Warts are small, rough, raised, unsightly patches of dead skin, usually found on the hands or feet, and are the most common human skin infection. Warts are caused by the human papillomavirus, (HPV-1) which enters your body through a break in the skin—we tend to pick up these unsavoury hitchhikers in places like gyms, swimming pools, dressing rooms, common shower areas and yoga studios. The virus implants itself just below the surface of your skin, and then goes to work building a protective shell of dead skin cells, which is what we commonly refer to as a wart.
Warts are generally considered unattractive, and as they are usually on a visible part of our body, we want to get rid of them, especially when they appear on the soles of our feet, causing us discomfort when we walk. Warts sometimes go away by themselves, but then there is also the risk that leaving them untreated can cause them to spread; both on your own body, and to other people.
There are many ways to remove warts, such as freezing them off; surgically removing them; or burning them off with salicylic acid, used in wart-removal remedies. There are also natural and less costly methods of removing warts, from using vinegar to covering them with duct tape. One of them most unusual ways is to use a banana: I first heard this method from my dermatologist, and it works—I tried it.
Don’t use just any banana: green or slightly yellow-green ones are the best. A banana’s moisture will soften a wart, allowing the banana’s virus-killing enzymes to penetrate down to the root of it. As bananas age, the enzymes in the skin break down the starches and fibers that are useful for killing viruses.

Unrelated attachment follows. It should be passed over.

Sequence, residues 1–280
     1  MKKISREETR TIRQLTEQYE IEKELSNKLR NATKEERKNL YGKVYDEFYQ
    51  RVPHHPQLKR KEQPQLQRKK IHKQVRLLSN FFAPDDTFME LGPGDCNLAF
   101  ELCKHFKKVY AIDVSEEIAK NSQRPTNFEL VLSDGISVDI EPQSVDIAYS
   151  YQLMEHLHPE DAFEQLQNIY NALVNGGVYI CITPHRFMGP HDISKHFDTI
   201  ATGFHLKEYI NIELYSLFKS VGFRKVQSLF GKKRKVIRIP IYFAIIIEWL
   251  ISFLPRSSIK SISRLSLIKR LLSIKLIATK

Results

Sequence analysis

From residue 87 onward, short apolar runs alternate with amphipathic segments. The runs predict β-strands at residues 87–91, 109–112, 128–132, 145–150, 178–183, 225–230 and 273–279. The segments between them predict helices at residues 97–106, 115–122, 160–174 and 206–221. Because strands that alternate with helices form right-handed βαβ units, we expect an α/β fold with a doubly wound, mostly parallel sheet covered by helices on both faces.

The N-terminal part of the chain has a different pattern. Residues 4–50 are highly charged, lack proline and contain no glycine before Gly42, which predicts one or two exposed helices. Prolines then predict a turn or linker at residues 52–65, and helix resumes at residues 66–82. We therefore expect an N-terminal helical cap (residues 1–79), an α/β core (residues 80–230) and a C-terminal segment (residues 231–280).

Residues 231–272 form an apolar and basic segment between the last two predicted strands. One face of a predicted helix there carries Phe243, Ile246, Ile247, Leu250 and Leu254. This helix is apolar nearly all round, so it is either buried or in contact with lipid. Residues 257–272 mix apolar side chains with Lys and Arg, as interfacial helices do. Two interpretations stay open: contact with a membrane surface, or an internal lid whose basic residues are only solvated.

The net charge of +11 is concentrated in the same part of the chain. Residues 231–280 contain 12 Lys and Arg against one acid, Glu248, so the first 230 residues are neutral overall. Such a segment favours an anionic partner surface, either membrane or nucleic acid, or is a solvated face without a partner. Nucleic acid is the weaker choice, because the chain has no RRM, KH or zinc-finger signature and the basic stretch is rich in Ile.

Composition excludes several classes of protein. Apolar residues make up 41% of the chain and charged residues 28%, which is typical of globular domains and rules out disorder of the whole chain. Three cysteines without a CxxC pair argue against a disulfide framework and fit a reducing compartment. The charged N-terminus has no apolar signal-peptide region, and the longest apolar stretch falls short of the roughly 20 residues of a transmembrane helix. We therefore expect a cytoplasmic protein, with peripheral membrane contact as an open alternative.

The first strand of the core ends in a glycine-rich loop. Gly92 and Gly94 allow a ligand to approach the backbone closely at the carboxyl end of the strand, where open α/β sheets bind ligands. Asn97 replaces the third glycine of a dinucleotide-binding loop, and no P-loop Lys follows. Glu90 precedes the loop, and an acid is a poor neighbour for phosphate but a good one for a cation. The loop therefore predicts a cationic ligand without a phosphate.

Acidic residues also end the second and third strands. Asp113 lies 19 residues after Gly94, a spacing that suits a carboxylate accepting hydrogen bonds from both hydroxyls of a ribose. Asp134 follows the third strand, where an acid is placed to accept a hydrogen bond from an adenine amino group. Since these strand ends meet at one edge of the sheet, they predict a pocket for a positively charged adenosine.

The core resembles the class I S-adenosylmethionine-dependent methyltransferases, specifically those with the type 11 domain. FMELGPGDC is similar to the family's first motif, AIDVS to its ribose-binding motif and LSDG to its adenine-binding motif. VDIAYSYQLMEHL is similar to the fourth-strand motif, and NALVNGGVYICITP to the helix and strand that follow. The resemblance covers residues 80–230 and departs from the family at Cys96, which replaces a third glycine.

1) Soak the area around the wart for ten minutes—this softens the dead skin covering the wart and speeds up the process.
2) Use a pumice stone to remove the loose dead skin. Keep removing dead skin until it gets sensitive.
3) Apply a few drops of tea tree oil to the wart.
4) Cut a piece of banana peel large enough to cover the wart, and place soft side down.
5) Hold the banana skin in place with a bandage.
6) Replace the banana skin when it dries out.
The virus is least vulnerable when the skin covering it is dry: the banana skin keeps the wart moist and allows the tea tree oil to penetrate down to the level where the virus lives—this oil will kill the virus when it comes into contact with it. You may have to repeat the steps above several times, and each time, you will find the wart shrinks a bit. Keep at it until the wart disappears; if you slack off, the virus will hurry to grow the protective layer back. So, the next time you eat a banana, remember there are other uses for the skin before you throw it out.
Featured photo credit: Bunch Of Ripe Bananas At A Street Market In Istanbul via Shutterstock
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